Does the universe have magnetic poles?
Earth's south magnetic pole is on the top/up-side in all the pictures we see of the solar system in textbooks etc. This can be explained by saying that Earth's south magnetic pole is aligned with the Sun's north pole; thus the Sun's north magnetic pole is on the top/up side of the solar system plane we see in textbooks.
Then again, is the solar system plane on the plane of the milky way galaxy? I dunno. But assuming it is, we can infer that the milky way galaxy has a north pole that is on the bottom/down side relative to how we see stuff on Earth; thus when we stand on Earth's south geographic pole and look up, we are looking in more or less the same direction as the milky way galaxy's north magnetic pole.
And so on and so forth until we're talking about the universe. Except I don't know if things like galaxy clusters etc. complicate this cycle.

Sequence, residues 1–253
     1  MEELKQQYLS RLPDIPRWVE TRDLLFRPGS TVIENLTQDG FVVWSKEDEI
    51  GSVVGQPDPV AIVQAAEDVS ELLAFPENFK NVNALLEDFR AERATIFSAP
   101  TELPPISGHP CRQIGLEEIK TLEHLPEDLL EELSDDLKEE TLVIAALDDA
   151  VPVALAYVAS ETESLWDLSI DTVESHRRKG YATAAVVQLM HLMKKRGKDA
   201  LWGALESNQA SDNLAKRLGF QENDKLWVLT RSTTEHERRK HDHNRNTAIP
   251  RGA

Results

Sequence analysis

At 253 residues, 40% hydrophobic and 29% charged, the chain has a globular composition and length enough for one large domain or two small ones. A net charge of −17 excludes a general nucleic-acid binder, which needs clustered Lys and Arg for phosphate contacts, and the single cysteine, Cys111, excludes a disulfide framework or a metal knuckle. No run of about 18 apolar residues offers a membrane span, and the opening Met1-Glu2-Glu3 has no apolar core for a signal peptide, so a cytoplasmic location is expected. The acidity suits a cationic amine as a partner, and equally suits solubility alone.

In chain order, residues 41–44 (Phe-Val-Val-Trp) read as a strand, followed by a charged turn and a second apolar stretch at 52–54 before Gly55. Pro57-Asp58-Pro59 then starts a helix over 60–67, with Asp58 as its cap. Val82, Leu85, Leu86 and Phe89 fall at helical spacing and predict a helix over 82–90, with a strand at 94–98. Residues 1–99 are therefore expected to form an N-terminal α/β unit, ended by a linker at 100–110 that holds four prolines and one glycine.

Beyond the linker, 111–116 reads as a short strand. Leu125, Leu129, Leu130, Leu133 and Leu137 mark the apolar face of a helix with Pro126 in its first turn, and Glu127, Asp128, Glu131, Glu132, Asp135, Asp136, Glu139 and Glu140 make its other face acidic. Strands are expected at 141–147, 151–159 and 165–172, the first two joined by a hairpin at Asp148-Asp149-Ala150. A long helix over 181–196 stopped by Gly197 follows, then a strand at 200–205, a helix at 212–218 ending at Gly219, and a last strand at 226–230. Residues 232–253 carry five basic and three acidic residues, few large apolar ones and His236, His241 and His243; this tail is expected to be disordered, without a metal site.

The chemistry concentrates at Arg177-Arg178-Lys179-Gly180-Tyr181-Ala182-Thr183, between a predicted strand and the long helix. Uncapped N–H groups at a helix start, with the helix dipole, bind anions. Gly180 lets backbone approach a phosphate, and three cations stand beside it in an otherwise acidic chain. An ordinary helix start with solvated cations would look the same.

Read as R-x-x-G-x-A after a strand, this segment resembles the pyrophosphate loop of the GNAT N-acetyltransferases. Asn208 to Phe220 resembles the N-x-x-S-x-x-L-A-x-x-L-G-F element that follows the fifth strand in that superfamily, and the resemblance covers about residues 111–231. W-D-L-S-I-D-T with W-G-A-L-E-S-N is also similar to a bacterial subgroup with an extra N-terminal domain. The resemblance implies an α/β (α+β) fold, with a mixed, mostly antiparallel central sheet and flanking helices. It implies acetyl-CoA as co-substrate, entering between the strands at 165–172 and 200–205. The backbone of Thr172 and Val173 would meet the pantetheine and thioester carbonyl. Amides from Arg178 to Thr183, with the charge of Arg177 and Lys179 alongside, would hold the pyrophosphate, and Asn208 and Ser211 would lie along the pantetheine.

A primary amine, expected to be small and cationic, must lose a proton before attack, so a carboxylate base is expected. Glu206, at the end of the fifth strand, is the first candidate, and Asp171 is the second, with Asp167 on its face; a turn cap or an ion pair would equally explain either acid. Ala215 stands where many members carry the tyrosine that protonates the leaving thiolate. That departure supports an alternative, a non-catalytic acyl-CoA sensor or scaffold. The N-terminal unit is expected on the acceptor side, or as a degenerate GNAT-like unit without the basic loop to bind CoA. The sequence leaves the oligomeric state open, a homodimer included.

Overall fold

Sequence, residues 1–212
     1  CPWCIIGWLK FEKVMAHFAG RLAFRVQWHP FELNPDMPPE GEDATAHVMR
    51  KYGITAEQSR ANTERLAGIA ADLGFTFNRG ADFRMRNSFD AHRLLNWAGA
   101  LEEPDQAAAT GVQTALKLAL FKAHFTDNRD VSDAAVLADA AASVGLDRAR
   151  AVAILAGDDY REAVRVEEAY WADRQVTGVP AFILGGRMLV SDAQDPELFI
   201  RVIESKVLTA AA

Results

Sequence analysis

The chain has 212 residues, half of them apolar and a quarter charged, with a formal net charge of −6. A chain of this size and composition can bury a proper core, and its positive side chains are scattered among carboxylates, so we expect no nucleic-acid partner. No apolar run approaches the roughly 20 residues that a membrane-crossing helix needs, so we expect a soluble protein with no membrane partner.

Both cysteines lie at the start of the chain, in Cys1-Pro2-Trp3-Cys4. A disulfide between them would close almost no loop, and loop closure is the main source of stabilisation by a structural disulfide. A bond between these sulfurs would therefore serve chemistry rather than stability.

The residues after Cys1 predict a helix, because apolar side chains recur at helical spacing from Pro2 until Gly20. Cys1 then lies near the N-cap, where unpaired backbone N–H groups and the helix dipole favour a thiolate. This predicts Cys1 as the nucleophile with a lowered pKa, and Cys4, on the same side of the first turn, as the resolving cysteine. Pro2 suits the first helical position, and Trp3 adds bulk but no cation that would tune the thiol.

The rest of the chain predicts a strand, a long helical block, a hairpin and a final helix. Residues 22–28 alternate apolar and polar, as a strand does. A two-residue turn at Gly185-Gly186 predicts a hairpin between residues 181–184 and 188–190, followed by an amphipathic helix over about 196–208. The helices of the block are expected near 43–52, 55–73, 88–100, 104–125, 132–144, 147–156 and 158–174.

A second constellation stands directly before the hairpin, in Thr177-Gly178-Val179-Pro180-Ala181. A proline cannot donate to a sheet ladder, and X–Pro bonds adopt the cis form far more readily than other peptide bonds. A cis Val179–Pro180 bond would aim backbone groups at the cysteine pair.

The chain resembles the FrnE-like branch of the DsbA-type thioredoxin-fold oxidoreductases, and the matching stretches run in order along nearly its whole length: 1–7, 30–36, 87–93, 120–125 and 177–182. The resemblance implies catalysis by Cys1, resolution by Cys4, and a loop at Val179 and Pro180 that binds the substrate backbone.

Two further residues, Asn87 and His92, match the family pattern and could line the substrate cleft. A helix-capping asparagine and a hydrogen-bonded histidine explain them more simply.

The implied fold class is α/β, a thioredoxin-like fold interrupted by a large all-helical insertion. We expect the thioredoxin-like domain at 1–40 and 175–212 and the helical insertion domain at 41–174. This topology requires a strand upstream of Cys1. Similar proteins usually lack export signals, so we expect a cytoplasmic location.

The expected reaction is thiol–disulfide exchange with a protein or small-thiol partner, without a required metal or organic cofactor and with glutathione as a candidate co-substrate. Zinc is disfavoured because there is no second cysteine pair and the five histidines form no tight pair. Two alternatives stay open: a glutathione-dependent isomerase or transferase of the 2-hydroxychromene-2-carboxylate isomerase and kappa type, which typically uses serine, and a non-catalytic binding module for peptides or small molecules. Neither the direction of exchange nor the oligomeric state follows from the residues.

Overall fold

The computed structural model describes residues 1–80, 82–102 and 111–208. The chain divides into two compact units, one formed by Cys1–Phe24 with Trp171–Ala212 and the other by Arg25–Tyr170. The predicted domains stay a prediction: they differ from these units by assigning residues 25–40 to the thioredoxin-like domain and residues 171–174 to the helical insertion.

Is our view of up and down (Earth's north, and south relatively) aligned with the universal view, or do we live upside down.
Has anybody asked this question before, or is it a question that can only occur in the tremendously curious, yet tremendously ignorant mind of me?
Now, I am aware that people who live on the opposite side of the globe (somewhere around Rio de Jenairo for me, in Tokyo) see my up as their down, and my down as their up. But I'm talking about up and down on a magnetic scale. So I'm not dissing anybody who lives in the southern hemisphere.